A Tiger Rules the Mountain

The world's longest serving Prime Minister and Cambodia's pursuit of democracy

30 Years of Cambodia in 30 Minutes

When I was finishing school in Scotland, Luke Hunt was reporting on the civil war in Afghanistan. I was answering questions in a physics test while he was being tried for espionage in a Taliban court. He managed to survive, just as he had while reporting the Iraq war in 1990, and again in Afghanistan when it was invaded in 2001.

Hunt has won international awards for his reporting and books, which also include extensive reporting on Cambodia where he has won exclusive interviews with the country’s most powerful, and notorious in the share of the former Khmer Rouge leader, Khieu Samphan. So, when I was introduced to him by a mutual acquaintance in a Phnom Penh bar last year, I half-hoped my friend wouldn’t mention that I was writing a book about Cambodia. I feared Hunt would wonder who the hell I thought I was to be doing such a thing.

It wasn’t long of course before my friend proudly told Hunt that I was writing a book and he turned his head to look at me. The short, snappy description that I had perfected for friends and publishers felt inept and vacuous for him, but thankfully he enquired more and more and before long I was receiving ideas, new stories and even practical advice on wordcount and cover design.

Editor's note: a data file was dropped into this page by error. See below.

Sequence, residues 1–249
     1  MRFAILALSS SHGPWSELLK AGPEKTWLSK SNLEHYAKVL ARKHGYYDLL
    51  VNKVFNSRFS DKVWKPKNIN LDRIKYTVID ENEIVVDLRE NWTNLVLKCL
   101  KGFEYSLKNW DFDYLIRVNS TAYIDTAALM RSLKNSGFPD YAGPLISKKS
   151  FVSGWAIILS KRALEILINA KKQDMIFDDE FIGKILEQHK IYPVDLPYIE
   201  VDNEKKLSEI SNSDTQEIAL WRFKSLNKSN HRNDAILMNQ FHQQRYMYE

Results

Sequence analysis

Podcast Interview

Our conversation restarted a few days ago, unfortunately not in a Phnom Penh bar, but in an episode of Hunt’s podcast for The Diplomat.

We skip through 30 years of Cambodian politics in 30 minutes, beginning with the 3 votes in the 1993 election that set the course for where it is today. We debate whether the controversial 2013 election result, when Hun Sen nearly lost control, could be trusted or not and if Hun Sen was right to crack down on protestors. Plus, Hunt reveals the details of Hun Sen’s ultimate display of power in 2004.

If you’ve read A Tiger, you will get to hear more about Hun Sen and Sam Rainsy, and that election of 2013 where my book starts. Plus, more of the intrigue from the 1990s and early 2000s.

Aboriginal rights in Australia

There’s also a fascinating episode about the Australian referendum on the proposed Aboriginal and Torres Strait Islander Voice to Parliament. In this, Hunt interviews Jill Gallagher, an Aboriginal woman who was heavily involved in developing the Uluru Statement from the Heart, which led to the referendum.

In it, Gallagher says that Australians today shouldn’t feel guilty for what has happened in the past (killings, slavery and kidnapping) but that all have a responsibility for doing the right thing now.

Australia chose not to support The Voice but Gallagher’s words are still worth listening to.

No responses yet

Leave a Reply

Your email address will not be published. Required fields are marked *